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America is still in limbo over payroll tax deferral

On Behalf of | Sep 11, 2020 | Corporate Taxes |

Taxpayers in California and across the United States have a short time window before the president’s tax order goes into effect. But reports suggest many aren’t ready for the transition.

The deferral begins Sept. 1 and runs through the end of the calendar year. However, some employers say they aren’t ready to make the deadline by that time and some workers worry what their tax bill could look like in 2021.

Uncertainty looms for payroll providers

State and federal withholdings typically reduce an employee’s take-home pay. Social Security and Medicare taxes also factor in each employer’s payroll.

This deferment may seem like a grand gesture. However, it’s left more people with questions than answers.

Some of the uncertainty surrounding this decision relate to:

  • Employee tax burdens in 2021: If workers are responsible for repayment, one might wonder if this plan intended to benefit the American labor force.
  • Who the deferment applies to: For workers to qualify for payroll tax deferment, their gross bi-weekly income must be less than $4000. Are both employers and payroll companies ready to calculate earnings differently for those at varying salary amounts?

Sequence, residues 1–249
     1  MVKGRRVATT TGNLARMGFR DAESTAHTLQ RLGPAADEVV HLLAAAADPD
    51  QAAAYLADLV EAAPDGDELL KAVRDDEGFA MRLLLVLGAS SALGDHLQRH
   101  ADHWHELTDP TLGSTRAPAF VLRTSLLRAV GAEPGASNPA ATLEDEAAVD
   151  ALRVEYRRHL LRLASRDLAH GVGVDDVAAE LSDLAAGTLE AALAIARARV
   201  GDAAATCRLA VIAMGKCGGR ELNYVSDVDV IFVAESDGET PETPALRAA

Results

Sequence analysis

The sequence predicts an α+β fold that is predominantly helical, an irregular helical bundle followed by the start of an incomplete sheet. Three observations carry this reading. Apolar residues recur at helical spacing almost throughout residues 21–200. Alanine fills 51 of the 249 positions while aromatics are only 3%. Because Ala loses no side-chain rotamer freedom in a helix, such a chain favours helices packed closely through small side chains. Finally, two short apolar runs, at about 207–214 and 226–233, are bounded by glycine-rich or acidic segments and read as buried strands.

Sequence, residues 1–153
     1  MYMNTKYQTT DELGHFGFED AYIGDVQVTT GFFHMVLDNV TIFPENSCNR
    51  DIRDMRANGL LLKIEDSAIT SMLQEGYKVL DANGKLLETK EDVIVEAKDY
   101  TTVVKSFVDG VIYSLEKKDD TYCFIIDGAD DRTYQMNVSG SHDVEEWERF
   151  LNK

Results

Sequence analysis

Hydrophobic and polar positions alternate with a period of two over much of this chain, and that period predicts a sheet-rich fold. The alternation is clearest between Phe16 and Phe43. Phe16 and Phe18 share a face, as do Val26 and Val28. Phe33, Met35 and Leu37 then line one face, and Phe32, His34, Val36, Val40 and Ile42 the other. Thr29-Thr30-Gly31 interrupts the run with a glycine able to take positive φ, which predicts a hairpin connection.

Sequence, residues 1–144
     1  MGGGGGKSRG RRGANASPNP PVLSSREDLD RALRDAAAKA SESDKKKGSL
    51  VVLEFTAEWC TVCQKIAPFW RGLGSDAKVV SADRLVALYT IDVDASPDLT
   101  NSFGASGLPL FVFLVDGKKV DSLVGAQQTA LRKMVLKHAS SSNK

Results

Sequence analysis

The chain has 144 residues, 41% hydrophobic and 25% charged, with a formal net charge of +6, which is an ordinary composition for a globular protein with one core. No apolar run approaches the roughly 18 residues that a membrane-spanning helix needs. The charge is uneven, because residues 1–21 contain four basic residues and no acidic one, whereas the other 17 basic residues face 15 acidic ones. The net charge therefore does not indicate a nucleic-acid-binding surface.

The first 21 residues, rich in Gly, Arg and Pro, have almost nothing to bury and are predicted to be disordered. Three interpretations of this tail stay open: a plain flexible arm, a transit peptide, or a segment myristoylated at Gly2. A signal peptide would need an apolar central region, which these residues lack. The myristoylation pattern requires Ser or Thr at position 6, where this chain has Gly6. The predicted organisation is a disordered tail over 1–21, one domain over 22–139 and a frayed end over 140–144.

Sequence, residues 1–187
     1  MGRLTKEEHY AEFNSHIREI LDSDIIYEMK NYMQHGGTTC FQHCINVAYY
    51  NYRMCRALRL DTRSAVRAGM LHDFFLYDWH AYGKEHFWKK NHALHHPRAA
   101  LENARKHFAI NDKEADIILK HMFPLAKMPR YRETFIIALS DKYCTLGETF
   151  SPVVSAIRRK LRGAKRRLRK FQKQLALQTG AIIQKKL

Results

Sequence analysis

• The time the deferment gets implemented: Sept. 1 falls in the middle of the third quarter. As such, accounting departments will need to adapt to a new payroll tax, at least for a portion of their workforce.
  • Guidelines from tax officials: Employers are still waiting for the Internal Revenue Service (IRS) to issue clear guidelines detailing their responsibility. There may not be adequate time to put new systems in place.

Pending direction from the IRS, it’s too soon to know whether all businesses could withstand the changes required. Meanwhile, the deferral’s impact on Social Security could pose broader issues.

While disagreement over Social Security management is nothing new, there could be changes within the government come November. Regardless of association, a lack of funding towards the Social Security system could void the long-term benefits of deferment, as many Americans rely on these public benefits as they age.

Voters have their eyes on Social Security in upcoming election

Out of all the issues voters wish to address in the upcoming election, Social Security is at the top of the ticket, especially for Americans 45 and older. Right now, the current cap on payroll taxes, which fund Social Security, is $137,700. If the president defers payroll taxes for four months, it could put Americans who rely on Social Security benefits in a tough spot. That’s because, without funding, Social Security could dry up by 2023.

Some politicians have suggested increasing taxes on wealthier Americans to fund Social Security. But others say that only keeps the program on life-support for another decade.

The decisions made now could have long-term effects

The payroll tax deferral may determine what voters do in November. And hopefully, the financial situation will even out – both for business owners and those who report to them.


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